Still a surprising number of Sept gaps for Yellow-vented Bulbul. Such gaps are indicative of poor coverage for that square for September.
Something here for everyone so print this for your wall and plan a birding safari with friends to fill a few of these important gaps.
Neil and Liz Baker, Tanzania Bird Atlas, P.O. Box 1605, Iringa, Tanzania.
Mobiles: +255 776-360876 and +255 776-360864.
Subscribe to: tanzaniabirds-subscribe@yahoogroups.com

Wednesday, August 24, 2011

Selous - Africa’s Largest Hunting Reserve in Danger

The World Heritage Committee (UNESCO) has warned Tanzania not to start
uranium mining and to continue with plans to build a large dam in the Selous Game Reserve, before it has provided hard data on the ecological consequences.
Otherwise the Reserve will be declared a “World Heritage Site in Danger”. The 50,000 km2 reserve is the home of continentally important populations of elephants, lions, leopards, buffaloes, antelopes and wild dogs and has anoutstanding universal biodiversity value.

The CIC said that the Selous as Africa’s largest hunting reserve holds a great
economic potential for the country and for the rural poor living near
the protected
area. Th is potential should not be put at risk through environmentally questionable
and risky investments. The CIC also encouraged the Government to combat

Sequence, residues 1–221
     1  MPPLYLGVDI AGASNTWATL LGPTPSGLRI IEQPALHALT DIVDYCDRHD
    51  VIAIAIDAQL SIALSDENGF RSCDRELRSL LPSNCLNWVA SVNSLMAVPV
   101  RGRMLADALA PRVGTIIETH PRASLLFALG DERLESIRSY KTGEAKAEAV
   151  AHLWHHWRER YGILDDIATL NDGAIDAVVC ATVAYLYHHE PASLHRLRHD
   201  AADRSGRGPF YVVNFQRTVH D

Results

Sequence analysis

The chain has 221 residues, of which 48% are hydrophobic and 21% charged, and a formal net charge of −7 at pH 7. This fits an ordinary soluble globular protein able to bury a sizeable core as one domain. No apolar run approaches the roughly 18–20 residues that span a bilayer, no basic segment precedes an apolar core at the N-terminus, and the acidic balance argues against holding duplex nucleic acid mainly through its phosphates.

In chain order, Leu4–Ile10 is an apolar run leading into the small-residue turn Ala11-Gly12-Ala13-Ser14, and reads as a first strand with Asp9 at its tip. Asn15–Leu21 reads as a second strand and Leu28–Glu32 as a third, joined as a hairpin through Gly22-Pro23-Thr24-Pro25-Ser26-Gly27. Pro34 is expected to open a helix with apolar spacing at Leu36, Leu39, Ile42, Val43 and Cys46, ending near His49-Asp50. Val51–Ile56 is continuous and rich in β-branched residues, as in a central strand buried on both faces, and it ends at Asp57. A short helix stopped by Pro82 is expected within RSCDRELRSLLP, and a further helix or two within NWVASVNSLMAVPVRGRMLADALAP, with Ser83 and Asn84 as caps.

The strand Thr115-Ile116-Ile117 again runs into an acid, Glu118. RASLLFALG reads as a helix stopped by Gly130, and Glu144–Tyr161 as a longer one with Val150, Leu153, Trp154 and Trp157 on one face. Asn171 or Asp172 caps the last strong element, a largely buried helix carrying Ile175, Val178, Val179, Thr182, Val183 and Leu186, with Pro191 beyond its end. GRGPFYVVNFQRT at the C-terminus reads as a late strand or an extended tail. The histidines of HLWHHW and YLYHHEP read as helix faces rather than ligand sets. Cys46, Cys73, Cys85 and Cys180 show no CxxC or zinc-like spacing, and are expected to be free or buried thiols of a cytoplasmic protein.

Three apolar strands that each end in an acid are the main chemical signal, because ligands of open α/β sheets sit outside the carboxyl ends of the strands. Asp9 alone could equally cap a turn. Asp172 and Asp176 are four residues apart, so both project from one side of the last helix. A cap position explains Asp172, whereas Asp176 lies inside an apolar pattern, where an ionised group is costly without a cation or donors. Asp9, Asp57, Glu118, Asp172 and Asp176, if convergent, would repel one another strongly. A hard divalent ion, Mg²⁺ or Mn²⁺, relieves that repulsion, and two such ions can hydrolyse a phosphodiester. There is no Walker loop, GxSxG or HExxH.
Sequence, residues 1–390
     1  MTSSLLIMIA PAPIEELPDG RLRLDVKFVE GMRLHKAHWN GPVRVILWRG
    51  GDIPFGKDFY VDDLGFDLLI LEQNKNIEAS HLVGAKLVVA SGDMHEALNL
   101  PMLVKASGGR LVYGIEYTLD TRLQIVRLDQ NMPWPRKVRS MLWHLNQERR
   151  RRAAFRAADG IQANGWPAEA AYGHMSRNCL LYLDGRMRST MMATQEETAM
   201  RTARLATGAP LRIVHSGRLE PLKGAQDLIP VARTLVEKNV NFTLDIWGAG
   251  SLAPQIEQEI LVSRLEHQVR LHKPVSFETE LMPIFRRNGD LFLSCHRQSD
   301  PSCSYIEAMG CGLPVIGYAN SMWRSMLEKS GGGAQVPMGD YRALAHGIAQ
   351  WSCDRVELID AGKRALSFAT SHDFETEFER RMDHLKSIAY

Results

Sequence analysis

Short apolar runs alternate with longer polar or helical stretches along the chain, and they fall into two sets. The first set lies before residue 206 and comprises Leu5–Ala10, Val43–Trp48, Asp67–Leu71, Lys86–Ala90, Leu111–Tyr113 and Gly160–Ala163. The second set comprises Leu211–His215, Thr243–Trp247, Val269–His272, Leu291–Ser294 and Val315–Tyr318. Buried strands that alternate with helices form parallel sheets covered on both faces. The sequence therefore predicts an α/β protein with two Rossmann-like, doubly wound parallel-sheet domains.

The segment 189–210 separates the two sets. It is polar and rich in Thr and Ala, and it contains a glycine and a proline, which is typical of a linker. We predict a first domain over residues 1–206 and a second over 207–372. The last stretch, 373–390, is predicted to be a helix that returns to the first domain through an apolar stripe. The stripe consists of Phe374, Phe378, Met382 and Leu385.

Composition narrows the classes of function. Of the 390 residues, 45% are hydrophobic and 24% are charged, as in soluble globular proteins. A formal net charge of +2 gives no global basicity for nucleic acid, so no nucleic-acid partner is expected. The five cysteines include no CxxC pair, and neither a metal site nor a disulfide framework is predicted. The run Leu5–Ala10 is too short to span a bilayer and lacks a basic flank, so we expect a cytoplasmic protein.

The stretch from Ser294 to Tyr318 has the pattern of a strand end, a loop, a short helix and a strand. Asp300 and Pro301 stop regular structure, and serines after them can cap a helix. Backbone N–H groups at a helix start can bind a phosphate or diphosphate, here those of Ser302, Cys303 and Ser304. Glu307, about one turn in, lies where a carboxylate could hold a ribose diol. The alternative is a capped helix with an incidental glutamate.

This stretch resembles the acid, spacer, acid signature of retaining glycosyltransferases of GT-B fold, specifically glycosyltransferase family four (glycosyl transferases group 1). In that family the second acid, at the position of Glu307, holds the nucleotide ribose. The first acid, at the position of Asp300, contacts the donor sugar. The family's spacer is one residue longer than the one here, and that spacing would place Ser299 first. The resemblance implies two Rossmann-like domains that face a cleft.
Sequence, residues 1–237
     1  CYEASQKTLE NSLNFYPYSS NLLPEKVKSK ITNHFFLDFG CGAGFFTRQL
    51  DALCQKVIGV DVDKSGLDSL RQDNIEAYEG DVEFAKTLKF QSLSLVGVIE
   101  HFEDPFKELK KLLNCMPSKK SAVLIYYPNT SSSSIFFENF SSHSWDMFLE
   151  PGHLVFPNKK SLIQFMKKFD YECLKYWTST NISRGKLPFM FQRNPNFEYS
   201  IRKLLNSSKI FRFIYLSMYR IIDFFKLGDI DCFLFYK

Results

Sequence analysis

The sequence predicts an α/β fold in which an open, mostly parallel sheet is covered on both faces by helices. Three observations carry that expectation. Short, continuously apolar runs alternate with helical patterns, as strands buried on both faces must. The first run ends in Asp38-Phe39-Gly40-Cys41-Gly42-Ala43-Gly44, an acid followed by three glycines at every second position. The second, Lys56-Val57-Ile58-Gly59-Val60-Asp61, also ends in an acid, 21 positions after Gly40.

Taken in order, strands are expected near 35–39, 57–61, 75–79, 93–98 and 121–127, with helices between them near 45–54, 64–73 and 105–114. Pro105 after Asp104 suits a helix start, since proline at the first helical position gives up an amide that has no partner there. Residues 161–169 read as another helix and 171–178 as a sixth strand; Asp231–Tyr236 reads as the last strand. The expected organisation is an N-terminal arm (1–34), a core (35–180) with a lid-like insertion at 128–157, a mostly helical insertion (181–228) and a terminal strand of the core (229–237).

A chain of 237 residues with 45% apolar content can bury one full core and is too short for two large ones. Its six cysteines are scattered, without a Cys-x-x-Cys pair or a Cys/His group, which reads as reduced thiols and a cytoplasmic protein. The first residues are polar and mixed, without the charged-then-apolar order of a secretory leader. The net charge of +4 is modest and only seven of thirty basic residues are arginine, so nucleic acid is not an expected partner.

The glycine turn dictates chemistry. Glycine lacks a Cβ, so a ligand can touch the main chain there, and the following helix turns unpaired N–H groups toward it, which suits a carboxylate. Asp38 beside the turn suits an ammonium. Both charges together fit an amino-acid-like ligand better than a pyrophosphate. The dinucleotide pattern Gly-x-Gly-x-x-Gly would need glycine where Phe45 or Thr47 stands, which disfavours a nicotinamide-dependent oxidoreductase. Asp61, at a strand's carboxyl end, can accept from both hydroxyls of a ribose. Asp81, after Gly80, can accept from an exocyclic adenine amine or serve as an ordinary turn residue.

poaching more energetically by providing more of the revenues from
hunting to the reserve and by involving the local people into wildlife management in accordance
with the Tanzanian Wildlife Policy.

La plus importante réserve de chasse africaine en danger

Le Comité du patrimoine mondial (UNESCO) a mis en garde la Tanzanie
contre la mise en exploitation de mines d’uranium dans la Réserve de
gibier de Selous et contre le projet d’y édifi er un important
barrage; ce, préalablement à la publication par ledit Comité de
données concrètes quant aux conséquences écologiques. A défaut, la
Réserve sera inscrite sur la „Liste du patrimoine mondial en péril”.
La réserve, d’une superfi cie de 50 000 km2, abrite des populations
d’éléphants, de lions, de léopards, de buffles, d’antilopes et de
chiens sauvages qui sont importantes à l’échelle du continent
africain. Cette réserve a une valeur exceptionnelle en termes de
biodiversité universelle.
Le CIC (ou : Lors d’un bref séjour en Tanzanie, le Président Bernard
Lozé) a affi rmé que Selous, en sa qualité de réserve de chasse la
plus importante d’Afrique, offre un potentiel économique important